8 Critical Email Rules for Optimal Efficiency

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Although you have many other communication options (e.g. zoom, teams, phone calls, SMS), email still dominates everyday work. Thorough control of your inbox can help you work more efficiently and increase the productivity of the entire company. These are the best email rules for getting effective results.

Related: 6 tips to tame your email and maximize your time management

1. Select the recipients carefully

Using CC makes email addresses open without permission and feels less personal. Clicking “Reply All” can clutter your inboxes with messages that people don’t really need to see. Use BCC to make your message appear exclusive, and only use Reply All when you need to reply to everyone in the original email.

Your org chart can help you decide who should be directly involved in a conversation. In general, leaders should be given a clear reason for including them in the discussion. Once they know you are taking action on a matter, you can move them to BCC to drop them off the email chain.

2. Stay clean and short

Including your message thread is a best practice because it will deter users from looking for your original email. But ideally, you only add one subject to your new message so people don’t accidentally skip something important. If you need to make multiple points, use bullets and summarize everything on the top five lines or less. Separate bullets and paragraphs with blank lines, stick to no more than 15-20 words per sentence, and only add attachments if they’re productive and approved by the recipient.

In addition to making your email more visually appealing, simple formatting is required as the platform or device your recipient is using may not interpret things like certain colors or fonts. If you stay straightforward, the risk of losing your intention is small. Once you’ve received a clean, short email, always proofread it. It only takes a minute, but it can save you the colossal embarrassment, reduce the time it takes to resolve, and stop conflicts before they start.

3. Think about your tone

Any type of written communication can be more difficult to interpret because you don’t have to pay attention to facial expressions or body language cues. When sending an email, it is important to think about how your presentation will be received. For now, leave out emojis / emoticons as they reflect a looser relationship than would be appropriate. Likewise, abbreviations can be confusing and make people feel left out, especially with new hires. Just write down what you mean.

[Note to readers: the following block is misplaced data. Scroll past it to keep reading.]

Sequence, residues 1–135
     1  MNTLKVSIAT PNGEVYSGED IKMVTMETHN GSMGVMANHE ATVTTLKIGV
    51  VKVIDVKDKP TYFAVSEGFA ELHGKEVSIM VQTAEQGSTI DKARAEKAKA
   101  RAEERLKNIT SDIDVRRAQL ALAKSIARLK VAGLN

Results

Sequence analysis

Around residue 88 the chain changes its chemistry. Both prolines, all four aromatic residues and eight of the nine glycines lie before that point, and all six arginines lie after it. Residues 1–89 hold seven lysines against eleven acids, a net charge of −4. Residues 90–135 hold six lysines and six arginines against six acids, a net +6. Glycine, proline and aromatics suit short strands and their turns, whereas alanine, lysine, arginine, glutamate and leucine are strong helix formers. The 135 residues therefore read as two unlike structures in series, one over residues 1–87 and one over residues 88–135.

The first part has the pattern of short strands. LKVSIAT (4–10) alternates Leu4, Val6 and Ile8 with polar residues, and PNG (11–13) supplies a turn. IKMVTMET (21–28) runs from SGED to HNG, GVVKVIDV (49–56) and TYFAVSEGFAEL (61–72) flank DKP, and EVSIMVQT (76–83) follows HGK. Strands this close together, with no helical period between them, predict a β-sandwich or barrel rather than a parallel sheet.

4. Perfect your subject line

The more specific and meaningful your subject line, the more likely it is that the recipient will open your message. It also helps recipients look up messages for reference later. Personalized e-mail lines are opened more frequently, so it is worth specifying the recipient’s name or using “you / your”. Since most platforms cut off subject fields, stick to around 40 characters (about seven words). Only use ** RUSH ** if it is true – otherwise it will lose its functionality over time.

5. Get control of your feelings (but don’t wait forever)

Wait and let the emotions cool off before writing your email. This will prevent you from sending a message that you will regret later. Taking a positive approach can help others improve their negative feelings as well. This prevents people from reading your heated message about something that may already be resolved by the time they get your email. Once you are calm enough to write, remember to use basic courtesies such as saying “thank you”.

That being said, the golden rule of email is to reply as soon as possible. If you can’t reply within an hour, try to reply at least the same working day, even if the reply just says you will come back later.

6. Watch what you pass on

This ties in with point # 1 above – no matter who you send the email to, leave confidential or private information for personal interactions. There can be good intentions when sending chain letters, charity proposals, or similar messages, but not everyone wants these emails. Even if they do, too many people sending them around creates a huge mess.

To prevent you from passing on anything that could create a legal problem or internal conflict, simply ask yourself if what you are passing on would be appropriate on your company letterhead. If not, watch out. If you’re ever unsure whether something is phishing or a hoax, report it to your IT department and click Delete.

7. Answer expected questions

The reason for this is simple: if you answer what people ask in advance, they won’t flood your inbox with messages based on those questions. It’s also polite and trustworthy to show that you are thinking about their needs and point of view.

8. Use filters

Options like marking messages or moving them to different folders mean that your email client will organize your messages by default. You can organize your messages by priority level, subject, or even project. Whichever filters you use, you can easily remove the leftovers by unsubscribing from messages or moving groups of messages to the trash.

Related: This is how to keep your employees engaged and safe when they work from home

Email can be a beast if you don’t tame it. Sticking to these guidelines will help. As you implement each point, the final rule to keep in mind is that your inbox is never your to-do list. Filter messages by Her true priorities instead of letting them dictate the day. Don’t let your inbox drag you into the weeds.

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